Tetrapylon
View from hill
Sunset 2

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Middle East » Syria » East » Palmyra May 29th 2010

Wczoraj musialam sie ewakuowac, wiec przepraszam za wszelkie bledy i literowki we wpisie. Wszystkiemu winien byl poznany przez nas Beduin. W ciagu dnia, gdy zwiedzalismy ruiny Palmiry, zaczal zapraszac nas na przejazdzke wielbladem. Zdecydowanie odmowilismy, ale od slowa do slowa, okazalo sie, ze ma zone Polke - Edyte. Opowiedzial, jak ona przyjechala 7 lat temu do Syrii i poznali sie na wielbladzie. Jak ona teraz uczy tu angielskiego, a on ma wielbladzi biznes. Ma piec wielbladow, szostego na czarno, robi 30 tysiecy euro rocznie. I ze moze bysmy chcieli przejazdzke wielbladami o wschodzie slonca. Poniewaz i tak byl plan, zeby zwiedzac Palmire jeszcze rano, przystalismy na jego porpozycje, a po chwili targowania do ceny o polowe nizszej niz wywolawcza, dodal jeszcze zaproszenie na herbatke u siebie w domu po przejazdzce. Potem spotkalismy go jeszcze kilka razy ... read more
Palmira. 5.45 a.m.
U Edyty w domu.
Obkurzone daktyle.

Middle East » Syria » East » Palmyra May 29th 2010

Z Damaszku do Palmiry wyjechalismy wczoraj rano lokalnym autobusem. Kolo stacji ulokowaly sie warsztaty samochodowe, ktore sprzedawaly tyly badz przody samochodow - cos, co - mam wrazenie - u nas jest nie do pomyslenia i generalnie zabronione. Tutaj natomiast mozna stworzyc hybryde, kupujac tyl peugota i przod nissana. Droga z miasta usiana byla po obydwu stronach tonami smieci, a potem - gdy skonczyly sie zabudowania mieszkalne - zaczela sie bura pustynia. Monotonie przerywaly tylko znaki wskazujace, ile kilometrow do Iraku. Na miejscu rzucaja sie przyjezdnych taksowkarze. Oferuja transport do hotelu za 1 euro ale to tylko przyneta, bo licza, ze jak zlapia takiego turyste, to juz bedzie z nim caly dzien podrozowal, a potem cena zalezy juz tylko od zdolnosci negocjacyjnych stron. Miasto slynie z ogromnych, wspaniale zachowanych wykopalisk, ktore sa ulokowane na tak duzej przestrzeni, ... read more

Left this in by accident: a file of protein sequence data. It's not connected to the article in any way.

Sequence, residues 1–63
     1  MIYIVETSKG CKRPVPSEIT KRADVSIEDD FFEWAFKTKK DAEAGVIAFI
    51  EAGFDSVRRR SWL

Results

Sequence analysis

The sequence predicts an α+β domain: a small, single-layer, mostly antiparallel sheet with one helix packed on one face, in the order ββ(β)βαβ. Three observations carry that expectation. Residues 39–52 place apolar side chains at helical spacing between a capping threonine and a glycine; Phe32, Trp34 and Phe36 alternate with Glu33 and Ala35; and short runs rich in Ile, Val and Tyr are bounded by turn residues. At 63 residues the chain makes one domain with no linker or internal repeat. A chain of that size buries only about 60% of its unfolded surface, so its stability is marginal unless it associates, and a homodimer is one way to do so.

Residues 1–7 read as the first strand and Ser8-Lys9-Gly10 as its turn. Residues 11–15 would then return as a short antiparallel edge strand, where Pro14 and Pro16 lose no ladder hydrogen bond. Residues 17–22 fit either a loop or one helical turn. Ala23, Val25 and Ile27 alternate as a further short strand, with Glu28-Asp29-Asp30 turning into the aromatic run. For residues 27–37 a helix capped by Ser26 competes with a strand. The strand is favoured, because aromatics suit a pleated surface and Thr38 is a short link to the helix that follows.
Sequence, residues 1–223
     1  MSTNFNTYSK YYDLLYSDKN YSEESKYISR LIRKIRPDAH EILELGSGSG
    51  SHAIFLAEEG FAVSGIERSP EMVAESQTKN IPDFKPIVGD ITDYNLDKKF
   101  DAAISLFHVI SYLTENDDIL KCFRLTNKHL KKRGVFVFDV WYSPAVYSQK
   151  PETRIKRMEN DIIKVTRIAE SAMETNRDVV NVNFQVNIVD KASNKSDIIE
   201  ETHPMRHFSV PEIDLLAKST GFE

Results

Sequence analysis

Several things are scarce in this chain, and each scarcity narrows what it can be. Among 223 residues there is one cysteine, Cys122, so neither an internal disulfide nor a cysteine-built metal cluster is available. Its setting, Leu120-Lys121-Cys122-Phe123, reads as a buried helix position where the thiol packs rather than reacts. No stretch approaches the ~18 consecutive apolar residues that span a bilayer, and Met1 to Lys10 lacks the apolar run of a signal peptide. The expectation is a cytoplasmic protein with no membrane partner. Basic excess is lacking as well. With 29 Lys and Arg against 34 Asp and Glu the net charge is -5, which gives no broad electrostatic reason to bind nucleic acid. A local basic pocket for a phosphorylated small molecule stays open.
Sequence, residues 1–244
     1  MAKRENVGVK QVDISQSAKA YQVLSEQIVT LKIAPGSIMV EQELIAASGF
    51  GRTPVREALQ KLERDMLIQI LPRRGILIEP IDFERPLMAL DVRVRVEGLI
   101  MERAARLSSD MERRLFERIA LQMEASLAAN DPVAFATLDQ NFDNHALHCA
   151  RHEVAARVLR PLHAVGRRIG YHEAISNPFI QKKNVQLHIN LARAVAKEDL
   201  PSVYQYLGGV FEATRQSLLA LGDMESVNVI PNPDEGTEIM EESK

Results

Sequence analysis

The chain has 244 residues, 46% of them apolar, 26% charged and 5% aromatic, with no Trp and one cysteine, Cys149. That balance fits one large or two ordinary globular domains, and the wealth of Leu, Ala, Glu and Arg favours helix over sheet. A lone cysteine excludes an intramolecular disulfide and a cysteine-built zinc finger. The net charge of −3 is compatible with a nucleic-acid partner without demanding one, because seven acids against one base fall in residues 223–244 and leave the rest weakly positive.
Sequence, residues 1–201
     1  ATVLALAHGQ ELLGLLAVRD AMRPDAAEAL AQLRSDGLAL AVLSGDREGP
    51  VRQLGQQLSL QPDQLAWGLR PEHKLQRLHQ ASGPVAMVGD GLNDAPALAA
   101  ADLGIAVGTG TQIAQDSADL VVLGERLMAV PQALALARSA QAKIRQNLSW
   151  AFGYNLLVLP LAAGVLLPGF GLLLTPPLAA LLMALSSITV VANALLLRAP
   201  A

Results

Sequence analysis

Klucze do starozytnych grobowcow.
Owocki sprzed 2000 lat.
baby_camel.

Middle East » Syria » East » Palmyra May 19th 2010

Catching the bus to Palmyra offered views of dust, rocks and more dust. I wondered who on earth would want to plonk a city down in this dustbowl and wondered what were the Romans thinking. My thoughts hadn't changed once we arrived as we were dropped at some wind blown outpost, just a road, a shed and a couple of annoying taxi drivers, with no signage at all saying we were in Palmyra. Thankfully though, things picked up once we got into the main part of town. Our humble hotel was cute and comfortable, and most importantly, had clean sheets and did not smell like sewage (always good). For dinner that night we headed to an eatery down the road. I asked for a menu and the first thing the owner said back was “Are you ... read more
So many columns
Two funny Arabs
The Arabic Castle

Middle East » Syria » East » Dayr az Zawr May 9th 2010

We rolled into Palmyra (in the Eastern deserts of Syria) in the hottest hour of the day and promptly learned what desert heat really means! It was likely around 35-40 degrees, but felt even hotter with no wind... After hiding in the shade for an hour or so sipping on some fresh pressed orange juice and snacking on some yummy Mensaf (lamb on rice with nuts and yoghurt) and camel meat, we decided to hit up the 1st and 2nd century AD Roman ruins nearby. The ruins themselves were pretty impressive, but more impressive was the sunset from the nearby hilltop Qala'at ibn Maan, first shedding the warm light over the red stone ruins, and then setting over the hills in the desert to the west. I don't know, after seeing so many different types of ... read more